Product information:
Title: The Host
Author: Stephenie Meyer
Pages: 619
Publisher: Sphere
Year: 2008
ISBN: 978-0-7515-4064-2

Friday, January 18, 2013


I’ve been thinking about fairy-tales a lot lately.  While shopping I noticed a selection of classic fairy-tales on sale, and in the spur of the moment I grabbed a handful for my lovely niece.  She’s only thirteen months old, but she already loves books and I know she’s going to be a huge bookworm just like her mom and me.  After I bought it, though, I started to wonder: is this really the kind of books a little girl should read?

Let’s take a look at our main contenders, shall we?

Snow White and the Seven Dwarfs.
A young girl must flee to escape the life-threatening jealousy of her step-mother.  She moves into a house with seven strange men, and whiles away her time cooking and cleaning for them (Of course! What else could a woman possibly do with her free time?).  

Excuse me while I clean up after these strangers.  I'll feel better 

She is also stupid enough to, not only talk to strangers, but accept food from an obviously quite creepy old lady.  She chokes on a poisonous apple, and it is the kiss of a prince that finally wakes her.

Kissed by a stranger. While unconscious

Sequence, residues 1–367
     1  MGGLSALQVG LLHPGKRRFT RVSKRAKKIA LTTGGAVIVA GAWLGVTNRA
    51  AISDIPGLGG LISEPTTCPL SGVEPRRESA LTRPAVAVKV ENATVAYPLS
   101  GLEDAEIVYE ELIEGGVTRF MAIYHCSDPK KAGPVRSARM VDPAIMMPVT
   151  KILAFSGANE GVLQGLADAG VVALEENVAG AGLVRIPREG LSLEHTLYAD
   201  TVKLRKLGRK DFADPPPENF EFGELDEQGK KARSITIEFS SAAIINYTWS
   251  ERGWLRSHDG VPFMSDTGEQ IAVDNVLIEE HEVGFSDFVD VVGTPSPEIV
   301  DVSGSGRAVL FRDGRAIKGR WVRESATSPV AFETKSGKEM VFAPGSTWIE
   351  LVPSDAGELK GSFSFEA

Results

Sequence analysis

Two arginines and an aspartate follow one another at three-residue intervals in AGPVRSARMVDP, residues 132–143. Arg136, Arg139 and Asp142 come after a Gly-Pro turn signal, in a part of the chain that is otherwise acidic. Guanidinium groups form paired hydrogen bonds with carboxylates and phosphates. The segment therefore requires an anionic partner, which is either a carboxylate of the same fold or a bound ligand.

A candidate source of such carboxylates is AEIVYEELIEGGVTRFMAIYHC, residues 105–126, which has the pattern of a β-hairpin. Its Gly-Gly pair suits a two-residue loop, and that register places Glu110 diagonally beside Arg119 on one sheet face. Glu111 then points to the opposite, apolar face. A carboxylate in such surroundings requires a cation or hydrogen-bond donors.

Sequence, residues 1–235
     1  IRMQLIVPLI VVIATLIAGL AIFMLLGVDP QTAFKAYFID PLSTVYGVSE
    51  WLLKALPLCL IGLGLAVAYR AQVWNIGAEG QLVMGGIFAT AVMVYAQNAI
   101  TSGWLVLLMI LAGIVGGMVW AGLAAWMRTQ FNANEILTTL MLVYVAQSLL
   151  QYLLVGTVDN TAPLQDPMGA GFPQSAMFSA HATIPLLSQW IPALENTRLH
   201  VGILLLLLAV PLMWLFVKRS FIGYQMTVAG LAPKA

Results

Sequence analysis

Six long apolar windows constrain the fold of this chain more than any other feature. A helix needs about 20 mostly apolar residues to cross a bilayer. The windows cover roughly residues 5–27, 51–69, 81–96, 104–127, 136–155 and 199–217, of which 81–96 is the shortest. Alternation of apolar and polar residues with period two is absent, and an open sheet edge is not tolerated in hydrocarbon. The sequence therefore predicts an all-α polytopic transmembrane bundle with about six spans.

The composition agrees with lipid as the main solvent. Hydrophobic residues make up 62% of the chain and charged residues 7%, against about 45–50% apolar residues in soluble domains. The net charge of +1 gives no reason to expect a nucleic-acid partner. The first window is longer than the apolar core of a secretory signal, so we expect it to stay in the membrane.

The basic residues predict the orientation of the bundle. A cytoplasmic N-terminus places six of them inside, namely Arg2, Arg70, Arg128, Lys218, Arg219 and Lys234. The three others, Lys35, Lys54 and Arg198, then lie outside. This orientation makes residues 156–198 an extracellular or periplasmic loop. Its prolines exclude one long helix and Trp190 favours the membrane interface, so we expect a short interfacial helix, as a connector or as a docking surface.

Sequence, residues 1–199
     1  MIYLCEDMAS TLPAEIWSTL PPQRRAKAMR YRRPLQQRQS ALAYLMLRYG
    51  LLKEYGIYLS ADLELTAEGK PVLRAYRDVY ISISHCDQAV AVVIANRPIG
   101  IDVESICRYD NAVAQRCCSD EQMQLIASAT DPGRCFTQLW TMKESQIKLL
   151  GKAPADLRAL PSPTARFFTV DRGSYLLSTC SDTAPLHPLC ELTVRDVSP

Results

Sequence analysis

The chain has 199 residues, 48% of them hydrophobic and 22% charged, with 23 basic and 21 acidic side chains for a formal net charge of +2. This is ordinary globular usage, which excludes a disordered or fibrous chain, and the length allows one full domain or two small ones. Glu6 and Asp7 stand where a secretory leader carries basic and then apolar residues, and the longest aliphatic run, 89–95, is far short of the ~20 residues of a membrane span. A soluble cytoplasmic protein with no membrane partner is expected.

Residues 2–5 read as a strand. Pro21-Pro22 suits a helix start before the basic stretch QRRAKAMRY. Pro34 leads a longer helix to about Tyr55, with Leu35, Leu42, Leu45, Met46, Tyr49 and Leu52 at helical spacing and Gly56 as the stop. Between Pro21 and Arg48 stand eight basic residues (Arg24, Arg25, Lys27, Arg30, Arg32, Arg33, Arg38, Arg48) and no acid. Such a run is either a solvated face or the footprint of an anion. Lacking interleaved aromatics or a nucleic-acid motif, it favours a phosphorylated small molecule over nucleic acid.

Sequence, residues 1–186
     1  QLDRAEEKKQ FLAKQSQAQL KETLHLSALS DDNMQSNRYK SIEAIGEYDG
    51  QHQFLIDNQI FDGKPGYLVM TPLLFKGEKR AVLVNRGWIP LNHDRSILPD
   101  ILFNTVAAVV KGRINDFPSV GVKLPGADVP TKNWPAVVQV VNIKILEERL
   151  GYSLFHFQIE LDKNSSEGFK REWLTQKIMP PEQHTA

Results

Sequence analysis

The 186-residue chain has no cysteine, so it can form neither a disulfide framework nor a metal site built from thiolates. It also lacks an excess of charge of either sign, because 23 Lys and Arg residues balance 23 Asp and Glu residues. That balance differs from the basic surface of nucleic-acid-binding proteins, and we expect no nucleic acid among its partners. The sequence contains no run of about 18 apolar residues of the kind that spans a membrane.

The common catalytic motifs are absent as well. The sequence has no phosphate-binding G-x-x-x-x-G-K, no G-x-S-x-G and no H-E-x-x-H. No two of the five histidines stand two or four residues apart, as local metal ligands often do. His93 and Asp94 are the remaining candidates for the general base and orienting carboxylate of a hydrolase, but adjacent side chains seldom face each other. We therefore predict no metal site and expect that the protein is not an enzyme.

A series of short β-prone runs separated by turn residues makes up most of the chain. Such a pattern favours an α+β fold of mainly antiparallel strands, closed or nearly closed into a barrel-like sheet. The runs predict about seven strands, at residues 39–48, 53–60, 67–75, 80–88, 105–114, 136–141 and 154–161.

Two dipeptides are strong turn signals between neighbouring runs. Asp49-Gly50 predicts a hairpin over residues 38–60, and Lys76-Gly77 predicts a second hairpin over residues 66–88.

Sleeping Beauty
Aurora is cursed by a vengeful woman who was upset that she hadn’t been invited to a party.  Petty much?  Years later Aurora wanders the castle and comes across a spinning wheel.  She cannot help but prick her finger on the spindle (because, let’s face it – what woman can possibly resist needlework?).  

Oooh! A spinning wheel! Must. Touch. It

Aurora collapses, remains lifeless for a number of years, and is ultimately woken by a prince’s kiss.  I see a disturbing recurring theme here.  Never mind romantic, in what universe is it ever okay to kiss an unconscious woman?

Kissed by a stranger. While unconscious 

Okay, Cinderella is not that bad.  She is repressed and emotionally abused by her jealous evil stepmother (another recurring theme seems to be suffering at the hands of jealous women), but she doesn’t let it affect her personality.  She seems to remain happy and cheerful (why wouldn’t you, getting to do all the cooking and cleaning all by yourself?), and ultimately wins the heart of a prince.  Whom she marries after one date dance.